The discovery of gold, dramatic increases in immigration, and significant developments in communications technology, education and public health were important themes during the mid-Victorian era in New South Wales. These are reflected in the documents selected; which include a glimpse of crime and punishment on the goldfields at Hill End and Tambaroora, a letter authorising commencement of construction for the electric telegraph, extracts from a newspaper published on board an immigrant ship, advice from Florence Nightingale re the nursing arrangements for Sydney Hospital, a rare and poignant photograph of an Imperial convict in her old age, and minutes of the first meeting of the Board of Trustees for the Royal National Park.
In showcasing documents from this period, we are particularly highlighting one of the great strengths of the collection – the vast array of records documenting the lives of ordinary people, especially their trials and tribulations. Thus we have a wayward lad ‘straightened out’ after a spell on the Nautical School Ship ‘Sobraon’; ‘voices from the asylum’ (letters from psychiatric patients); and a sad tale of adultery and divorce in Erskineville. To lighten the mood, we feature a bizarre proposal for an anti-torpedo device (complete with wooden model); an application to operate a peanut and popcorn wagon; and some testy correspondence about the leaking of confidential government information. Disasters and other momentous events are highlighted through glimpses of the tragic Bulli Colliery explosion of 1887 and the great influenza pandemic of 1918-19; and we have an example of ‘famous people in the archives’, with a little-known poem by Henry Lawson in his own hand.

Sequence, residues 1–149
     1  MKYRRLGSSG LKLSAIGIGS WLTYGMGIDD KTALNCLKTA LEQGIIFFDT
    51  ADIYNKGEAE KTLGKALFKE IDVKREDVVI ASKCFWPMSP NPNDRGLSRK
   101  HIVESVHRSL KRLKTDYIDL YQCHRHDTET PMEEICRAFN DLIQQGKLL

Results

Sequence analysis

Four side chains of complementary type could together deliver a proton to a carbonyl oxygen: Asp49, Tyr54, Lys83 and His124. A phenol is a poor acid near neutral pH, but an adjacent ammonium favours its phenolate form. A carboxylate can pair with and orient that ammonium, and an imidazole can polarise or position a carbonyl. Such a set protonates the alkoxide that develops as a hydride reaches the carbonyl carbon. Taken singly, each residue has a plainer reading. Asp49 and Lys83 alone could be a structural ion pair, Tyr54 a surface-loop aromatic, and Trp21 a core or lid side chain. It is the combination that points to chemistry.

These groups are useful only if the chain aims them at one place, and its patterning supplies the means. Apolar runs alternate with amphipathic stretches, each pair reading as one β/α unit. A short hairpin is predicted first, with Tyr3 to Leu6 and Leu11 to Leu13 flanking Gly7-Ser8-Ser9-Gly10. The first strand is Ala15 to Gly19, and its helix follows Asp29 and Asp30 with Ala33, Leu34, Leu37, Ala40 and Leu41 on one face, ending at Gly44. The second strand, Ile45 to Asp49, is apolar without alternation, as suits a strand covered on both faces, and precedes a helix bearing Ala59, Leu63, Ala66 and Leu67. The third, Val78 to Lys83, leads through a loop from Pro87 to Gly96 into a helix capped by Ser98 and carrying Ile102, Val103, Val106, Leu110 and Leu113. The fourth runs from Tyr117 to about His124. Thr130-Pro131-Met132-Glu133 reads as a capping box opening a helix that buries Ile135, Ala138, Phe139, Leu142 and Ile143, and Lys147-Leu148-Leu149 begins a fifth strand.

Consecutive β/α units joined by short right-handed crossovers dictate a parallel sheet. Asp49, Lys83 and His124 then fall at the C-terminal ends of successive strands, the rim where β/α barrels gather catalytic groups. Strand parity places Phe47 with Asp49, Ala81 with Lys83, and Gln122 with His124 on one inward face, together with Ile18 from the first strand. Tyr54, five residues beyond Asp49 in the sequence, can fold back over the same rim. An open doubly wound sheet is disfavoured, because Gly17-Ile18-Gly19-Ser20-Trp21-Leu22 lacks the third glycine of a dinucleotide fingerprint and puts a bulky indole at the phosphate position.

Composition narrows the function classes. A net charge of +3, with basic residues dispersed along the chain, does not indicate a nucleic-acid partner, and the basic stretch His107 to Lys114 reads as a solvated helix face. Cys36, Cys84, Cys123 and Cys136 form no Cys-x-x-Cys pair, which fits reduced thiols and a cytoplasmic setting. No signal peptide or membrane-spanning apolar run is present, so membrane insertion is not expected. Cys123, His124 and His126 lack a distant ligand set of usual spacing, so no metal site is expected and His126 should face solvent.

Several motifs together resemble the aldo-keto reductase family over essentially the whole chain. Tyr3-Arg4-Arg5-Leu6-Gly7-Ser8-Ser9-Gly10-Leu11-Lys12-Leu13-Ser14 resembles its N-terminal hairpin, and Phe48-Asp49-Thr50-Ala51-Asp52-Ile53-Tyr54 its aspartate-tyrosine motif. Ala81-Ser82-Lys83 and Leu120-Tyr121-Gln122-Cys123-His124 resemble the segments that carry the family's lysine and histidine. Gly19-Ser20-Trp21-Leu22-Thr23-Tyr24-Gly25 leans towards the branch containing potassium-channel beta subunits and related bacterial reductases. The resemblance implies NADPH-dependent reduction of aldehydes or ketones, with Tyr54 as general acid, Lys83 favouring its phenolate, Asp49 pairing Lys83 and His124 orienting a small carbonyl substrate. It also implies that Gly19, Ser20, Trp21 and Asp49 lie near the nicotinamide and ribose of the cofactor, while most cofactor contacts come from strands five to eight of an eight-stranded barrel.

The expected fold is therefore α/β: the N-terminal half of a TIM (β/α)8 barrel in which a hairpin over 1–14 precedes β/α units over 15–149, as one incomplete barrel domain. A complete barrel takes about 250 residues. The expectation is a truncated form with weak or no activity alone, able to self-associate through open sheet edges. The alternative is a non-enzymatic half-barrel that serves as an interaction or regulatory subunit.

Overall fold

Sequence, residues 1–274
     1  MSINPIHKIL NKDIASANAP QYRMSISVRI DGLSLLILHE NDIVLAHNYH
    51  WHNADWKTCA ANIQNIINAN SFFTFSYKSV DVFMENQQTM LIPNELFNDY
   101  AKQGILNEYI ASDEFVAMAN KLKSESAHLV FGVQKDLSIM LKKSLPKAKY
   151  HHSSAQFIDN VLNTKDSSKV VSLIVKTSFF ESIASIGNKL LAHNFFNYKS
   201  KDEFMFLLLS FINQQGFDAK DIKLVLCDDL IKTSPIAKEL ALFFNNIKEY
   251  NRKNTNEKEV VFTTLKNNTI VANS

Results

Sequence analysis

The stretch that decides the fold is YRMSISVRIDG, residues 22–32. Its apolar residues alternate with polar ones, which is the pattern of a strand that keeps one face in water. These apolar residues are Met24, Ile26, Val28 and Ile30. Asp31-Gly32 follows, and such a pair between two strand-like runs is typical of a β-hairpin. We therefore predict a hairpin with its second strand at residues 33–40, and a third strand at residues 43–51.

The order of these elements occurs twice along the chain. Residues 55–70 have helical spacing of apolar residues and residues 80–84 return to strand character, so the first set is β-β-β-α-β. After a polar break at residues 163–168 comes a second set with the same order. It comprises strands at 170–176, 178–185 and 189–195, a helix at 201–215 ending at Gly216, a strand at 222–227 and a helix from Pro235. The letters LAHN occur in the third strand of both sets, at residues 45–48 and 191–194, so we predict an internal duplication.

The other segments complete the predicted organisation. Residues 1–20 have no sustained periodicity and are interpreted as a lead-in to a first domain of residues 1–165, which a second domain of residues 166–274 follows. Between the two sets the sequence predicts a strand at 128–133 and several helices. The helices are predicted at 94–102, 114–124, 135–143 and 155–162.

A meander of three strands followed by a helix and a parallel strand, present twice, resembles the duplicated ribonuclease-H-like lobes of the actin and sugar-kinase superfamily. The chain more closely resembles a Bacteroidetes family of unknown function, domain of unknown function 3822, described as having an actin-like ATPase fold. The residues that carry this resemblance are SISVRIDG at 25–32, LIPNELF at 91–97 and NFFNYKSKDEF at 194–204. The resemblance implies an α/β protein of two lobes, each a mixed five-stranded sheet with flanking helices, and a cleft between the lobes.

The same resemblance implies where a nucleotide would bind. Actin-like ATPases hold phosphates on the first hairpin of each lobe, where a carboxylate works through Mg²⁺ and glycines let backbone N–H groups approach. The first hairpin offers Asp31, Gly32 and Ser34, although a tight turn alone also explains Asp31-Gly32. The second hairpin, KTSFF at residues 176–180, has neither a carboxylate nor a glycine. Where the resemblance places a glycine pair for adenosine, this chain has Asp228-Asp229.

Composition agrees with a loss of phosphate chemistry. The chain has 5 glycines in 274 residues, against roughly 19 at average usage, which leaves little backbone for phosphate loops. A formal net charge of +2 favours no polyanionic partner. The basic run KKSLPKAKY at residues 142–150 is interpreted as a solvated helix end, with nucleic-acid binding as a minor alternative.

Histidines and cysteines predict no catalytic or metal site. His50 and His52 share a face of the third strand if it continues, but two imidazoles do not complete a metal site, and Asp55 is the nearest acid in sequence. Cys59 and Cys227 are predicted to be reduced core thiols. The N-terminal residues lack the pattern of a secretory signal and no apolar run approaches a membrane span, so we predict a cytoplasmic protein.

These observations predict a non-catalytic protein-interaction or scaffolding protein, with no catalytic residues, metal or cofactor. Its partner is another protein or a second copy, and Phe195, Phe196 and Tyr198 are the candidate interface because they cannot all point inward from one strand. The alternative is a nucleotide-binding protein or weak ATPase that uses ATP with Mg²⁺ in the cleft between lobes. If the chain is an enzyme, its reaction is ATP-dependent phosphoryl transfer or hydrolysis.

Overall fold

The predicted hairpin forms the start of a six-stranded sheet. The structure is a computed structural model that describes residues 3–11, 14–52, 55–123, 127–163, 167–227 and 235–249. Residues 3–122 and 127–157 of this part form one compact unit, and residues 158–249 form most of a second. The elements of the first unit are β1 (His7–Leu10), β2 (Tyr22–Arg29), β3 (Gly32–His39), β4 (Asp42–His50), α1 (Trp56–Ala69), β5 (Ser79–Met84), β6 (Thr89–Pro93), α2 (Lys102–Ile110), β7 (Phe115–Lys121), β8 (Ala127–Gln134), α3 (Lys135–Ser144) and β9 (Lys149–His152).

The fifth and final set of documents covers the period from the end of the First World War to 1961, the year of the establishment of the Archives Authority. This gives us an opportunity to feature records of a number of Government activities that only emerged during the 20th Century. We therefore have correspondence from a hard-working soldier settler battling with the bureaucracy, letters which reveal why the public was not permitted to view ‘unsuitable’ films about bushrangers, and a fascinating audio-visual snapshot of Sydney’s main abattoir complex in 1961. The search for the missing aviator Charles Kingsford Smith is documented in Probate records, and we catch a glimpse of Depression-era Sydney through correspondence about prisoners incarcerated following eviction protests. The exhibition is rounded off with one of the highlights of our 20th Century holdings – Utzon’s original plans and sketches for the Sydney Opera House.
You are welcome to download images from the digital gallery. High resolution copies of digital images can be ordered using the 50th anniversary gallery digital copy order form.
- Historic milestones and events at State Records over the last 50 years
- Published history of archives in New South Wales, by Dr Peter Tyler (PDF, 826kb)